The Old West in all its glory


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Rockstar Games’ long-awaited sequel has proved a smash success.

Eight years after the release of its immediate predecessor, Rockstar Games’ Red Dead Redemption 2 has blown away critics and gamers alike — enough to have it considered by many the frontrunner for game of the year.

Selling 17 million copies in the first 12 days of its release on Oct. 26, it has exceeded all expectations. It made a total of about $725 million in its first three days, which is second all-time only to Rockstar Games’ Grand Theft Auto 5 in 2013.

With graphics optimized for state-of-the-art 4k televisions and consoles, a captivating storyline, and hyper-realistic gameplay, it’s really no wonder this game has been so successful.

Focusing on the trials and tribulations of a gang in the western part of the United States at the close of the 19th century, players get to travel around as Arthur Morgan through his adventures with rival gangs, train and bank robberies, treasure hunts, and countless more.

I have played the game and I can say that it lives up to everyone’s expectations. The game includes free range-style side missions in which players can earn extra cash and unlock secrets as well as having a structured storyline to follow. The gameplay is virtually endless — above and beyond about 60 hours of prime storyline.

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The game’s graphics and physics are hyper-realistic.

Though my playthrough of the game has been great, there is one problem that keeps running through my mind: Is it too realistic?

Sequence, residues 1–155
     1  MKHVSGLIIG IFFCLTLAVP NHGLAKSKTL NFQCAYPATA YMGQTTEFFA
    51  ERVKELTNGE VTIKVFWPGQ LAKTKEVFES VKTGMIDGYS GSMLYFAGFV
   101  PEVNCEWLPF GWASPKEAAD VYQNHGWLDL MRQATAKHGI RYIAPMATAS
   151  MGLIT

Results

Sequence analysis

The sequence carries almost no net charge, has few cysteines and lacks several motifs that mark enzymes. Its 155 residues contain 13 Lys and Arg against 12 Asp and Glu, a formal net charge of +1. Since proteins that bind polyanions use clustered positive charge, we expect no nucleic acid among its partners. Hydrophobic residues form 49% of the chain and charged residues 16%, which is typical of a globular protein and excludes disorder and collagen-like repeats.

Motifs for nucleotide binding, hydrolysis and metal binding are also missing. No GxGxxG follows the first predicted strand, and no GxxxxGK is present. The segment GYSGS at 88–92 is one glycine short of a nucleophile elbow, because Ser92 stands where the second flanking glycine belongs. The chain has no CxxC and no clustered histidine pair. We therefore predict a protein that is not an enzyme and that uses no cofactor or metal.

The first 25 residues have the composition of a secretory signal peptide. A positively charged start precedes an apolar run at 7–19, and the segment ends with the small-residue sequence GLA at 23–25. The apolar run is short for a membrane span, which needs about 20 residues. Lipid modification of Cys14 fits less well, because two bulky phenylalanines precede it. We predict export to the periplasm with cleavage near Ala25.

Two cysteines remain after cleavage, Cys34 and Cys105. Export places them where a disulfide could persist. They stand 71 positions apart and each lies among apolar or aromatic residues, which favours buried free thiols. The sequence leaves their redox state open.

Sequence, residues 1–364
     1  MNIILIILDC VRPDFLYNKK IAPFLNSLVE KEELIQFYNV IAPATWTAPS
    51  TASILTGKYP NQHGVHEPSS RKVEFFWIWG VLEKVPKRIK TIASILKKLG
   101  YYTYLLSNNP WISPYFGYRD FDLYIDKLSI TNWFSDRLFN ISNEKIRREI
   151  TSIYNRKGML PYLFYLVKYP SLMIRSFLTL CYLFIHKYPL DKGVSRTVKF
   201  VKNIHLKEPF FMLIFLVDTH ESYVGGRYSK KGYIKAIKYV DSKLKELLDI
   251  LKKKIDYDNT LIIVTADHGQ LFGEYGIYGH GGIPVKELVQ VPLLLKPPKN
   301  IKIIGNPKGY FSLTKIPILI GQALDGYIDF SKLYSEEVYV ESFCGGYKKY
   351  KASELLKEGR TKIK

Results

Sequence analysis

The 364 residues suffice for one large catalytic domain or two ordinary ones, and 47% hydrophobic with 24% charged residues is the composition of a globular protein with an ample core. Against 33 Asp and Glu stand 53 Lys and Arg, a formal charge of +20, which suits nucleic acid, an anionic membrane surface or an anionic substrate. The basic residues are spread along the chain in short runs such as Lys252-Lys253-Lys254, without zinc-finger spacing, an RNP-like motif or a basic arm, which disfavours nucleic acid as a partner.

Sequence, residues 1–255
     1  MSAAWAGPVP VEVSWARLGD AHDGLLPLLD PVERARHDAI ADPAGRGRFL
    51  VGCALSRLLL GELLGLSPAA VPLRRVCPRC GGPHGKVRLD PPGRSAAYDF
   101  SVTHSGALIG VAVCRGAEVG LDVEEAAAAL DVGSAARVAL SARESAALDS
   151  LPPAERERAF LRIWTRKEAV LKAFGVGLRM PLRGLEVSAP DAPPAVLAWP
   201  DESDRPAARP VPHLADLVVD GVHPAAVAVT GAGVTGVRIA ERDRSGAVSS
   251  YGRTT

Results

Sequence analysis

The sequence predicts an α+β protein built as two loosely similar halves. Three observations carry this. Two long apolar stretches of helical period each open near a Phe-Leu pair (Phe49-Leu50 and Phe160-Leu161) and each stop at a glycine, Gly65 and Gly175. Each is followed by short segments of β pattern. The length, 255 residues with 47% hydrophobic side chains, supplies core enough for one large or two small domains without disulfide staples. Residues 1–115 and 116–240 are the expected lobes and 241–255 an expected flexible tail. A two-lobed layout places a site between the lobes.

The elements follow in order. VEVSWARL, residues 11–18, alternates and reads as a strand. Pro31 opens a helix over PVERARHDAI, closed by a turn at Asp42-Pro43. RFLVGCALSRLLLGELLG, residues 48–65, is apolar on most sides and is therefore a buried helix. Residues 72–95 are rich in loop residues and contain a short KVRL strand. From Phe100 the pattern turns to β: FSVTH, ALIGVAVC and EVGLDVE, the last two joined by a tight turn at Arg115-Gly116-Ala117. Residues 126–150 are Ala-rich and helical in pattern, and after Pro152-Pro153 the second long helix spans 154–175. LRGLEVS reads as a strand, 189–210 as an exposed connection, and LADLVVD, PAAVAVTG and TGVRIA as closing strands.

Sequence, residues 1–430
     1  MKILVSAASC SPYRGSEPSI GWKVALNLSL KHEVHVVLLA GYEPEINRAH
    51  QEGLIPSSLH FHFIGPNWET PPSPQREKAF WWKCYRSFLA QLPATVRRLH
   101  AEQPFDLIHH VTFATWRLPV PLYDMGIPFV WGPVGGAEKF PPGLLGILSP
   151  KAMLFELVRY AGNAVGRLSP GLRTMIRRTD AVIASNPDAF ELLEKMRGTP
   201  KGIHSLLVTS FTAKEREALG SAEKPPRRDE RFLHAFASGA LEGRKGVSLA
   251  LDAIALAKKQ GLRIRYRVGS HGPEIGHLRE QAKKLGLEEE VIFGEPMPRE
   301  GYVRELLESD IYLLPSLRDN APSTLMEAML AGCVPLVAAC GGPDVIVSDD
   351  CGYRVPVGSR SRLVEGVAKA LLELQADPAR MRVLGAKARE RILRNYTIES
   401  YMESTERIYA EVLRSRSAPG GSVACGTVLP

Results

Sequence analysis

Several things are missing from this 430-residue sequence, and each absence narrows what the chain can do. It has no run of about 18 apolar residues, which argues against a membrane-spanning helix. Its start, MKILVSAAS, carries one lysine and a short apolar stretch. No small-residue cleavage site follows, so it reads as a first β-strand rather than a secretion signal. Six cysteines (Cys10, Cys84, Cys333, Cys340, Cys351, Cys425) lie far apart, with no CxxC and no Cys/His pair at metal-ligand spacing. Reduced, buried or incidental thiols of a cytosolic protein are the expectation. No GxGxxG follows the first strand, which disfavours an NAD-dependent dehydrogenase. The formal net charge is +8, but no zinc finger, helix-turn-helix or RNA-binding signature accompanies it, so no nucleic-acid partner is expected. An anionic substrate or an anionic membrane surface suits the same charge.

Over the past few years most relevant game developers — including Nintendo, Ubisoft, Rockstar, and many others — have turned their focus to creating a more realistic gaming experience. This has been made possible by continuing breakthroughs in computing power.

It’s debatable whether these changes enhance the playing experience or if they merely create burdens for the player. For example, in Red Dead Redemption 2 playable characters as well as NPC (Non-Playable Characters) ride horses across endless vistas for what seems like hours as they travel from location to location.

Granted, during this time period riding a horse or hopping on a train were about the only means of transportation, but it seems as if there could be better ways of explaining the backstory other than having players engage in countless conversations or spending literally 10 minutes getting from point A to point B.

On top of that, there is the fact that the longer you play, the longer your hair and beard grow. You have to bathe. You have to eat. You have to clean your weapons. You have to feed and brush your horse. They are useless additions that just make you have to spend your money or precious daylight to shave and “look more presentable.”

Though I think that they almost put a little bit too much effort into these parts of the game, it can be said that they also did a fantastic job balancing this with the actual storyline. With both of these aspects being so in-depth and precise it’s really not a surprise it took eight years to be developed.

If sales and critical response are any indication — reviewers have offered overwhelming praise — then the game is a resounding success and gamers will no doubt be traversing this gaming universe online for years to come.

In fact, officials at Rockstar have hinted that the success may lead to a Red Dead Redemption 3. Just don’t hold your breath waiting for a release date.